Predictions - Flood waters would surge over levees, creating “a catastrophic mass casualty/mass evacuation” and leaving drainage pumps crippled for up to six months. “It will take over one year to re-enter areas most heavily impacted,” the report predicts. More than 600,000 houses and 6,000 businesses would be affected, and more than two-thirds of them would be destroyed. Almost a quarter-million children would have no school. “All 40 medical facilities in the impacted area [would be] isolated and useless.” Casualties would be staggering: 61,290 deaths, 187,862 injured, and 196,395 ill. A half million people would be made homeless by the storm. Storm “refugees” would be housed at college campuses, military barracks, hotels, travel trailers, recreational vehicles, private homes, cottages, churches, Boy Scout camps, and cruise ships. [Associated Press, 9/9/2005]
Recommendations - “Federal support must be provided in a timely manner to save lives, prevent human suffering and mitigate severe damage. This may require mobilizing and deploying assets before they are requested via normal (National Response Plan) protocols.” [Associated Press, 9/9/2005]
Top officials briefed - Ivor van Heerden, the Louisiana State University hurricane researcher who ran the exercise, reports that a “White House staffer was briefed on the exercise,” and thus, “there is now a far greater awareness in the federal government about the consequences of storm surges.” [Louisiana State University, 2005] After the Hurricane Katrina Disaster, van Heerden will recall in an interview with MSNBC that the federal government didn’t take the exercise seriously. “Those FEMA officials wouldn’t listen to me. Those Corps of Engineers people giggled in the back of the room when we tried to present information.” When Heerden recommended that tent cities be prepared for displaced residents, “their response… was: ‘Americans don’t live in tents’ and that was about it.” [MSNBC, 9/2/2005]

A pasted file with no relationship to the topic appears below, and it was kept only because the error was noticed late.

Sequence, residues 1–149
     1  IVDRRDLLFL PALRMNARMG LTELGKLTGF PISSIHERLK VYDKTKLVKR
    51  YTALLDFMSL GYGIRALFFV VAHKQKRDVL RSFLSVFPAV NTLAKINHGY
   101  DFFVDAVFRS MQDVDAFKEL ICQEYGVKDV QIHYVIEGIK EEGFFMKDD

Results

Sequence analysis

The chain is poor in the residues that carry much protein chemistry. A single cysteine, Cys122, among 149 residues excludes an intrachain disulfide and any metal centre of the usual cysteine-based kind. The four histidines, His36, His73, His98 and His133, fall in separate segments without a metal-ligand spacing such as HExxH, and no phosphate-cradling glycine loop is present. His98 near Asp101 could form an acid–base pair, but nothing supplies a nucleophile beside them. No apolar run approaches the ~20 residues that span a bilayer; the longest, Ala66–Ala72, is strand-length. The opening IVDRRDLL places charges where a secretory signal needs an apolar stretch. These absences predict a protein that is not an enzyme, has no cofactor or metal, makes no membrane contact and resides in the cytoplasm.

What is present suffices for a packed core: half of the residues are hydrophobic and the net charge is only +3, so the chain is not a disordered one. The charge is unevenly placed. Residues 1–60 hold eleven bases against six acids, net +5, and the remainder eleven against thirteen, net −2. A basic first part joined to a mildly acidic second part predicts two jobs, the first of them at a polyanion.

Follow-up - Another exercise is scheduled the following year, but it’s cancelled when its funding is cut (see 2005).

Entity Tags: Federal Emergency Management Agency, Ivor Van Heerden, Ron Castleman

Timeline Tags: Hurricane Katrina

State officials hold a conference call with emergency preparedness directors for the Southeastern Louisiana parishes to discuss the storm forecasts and state plans. The Louisiana Office of Homeland Security and Emergency Preparedness (LOHSEP), has already mobilized its crisis action team, although, representative Mark Smith remarks that while they are getting prepared, they are “in a state of flux. Nobody’s real sure exactly what Katrina is going to do.” The office plans to activate its Baton Rouge Emergency Operations Center Saturday morning at 7:30 am, with a statewide conference call. [Louisiana, 8/26/2005; Times-Picayune, 8/27/2005]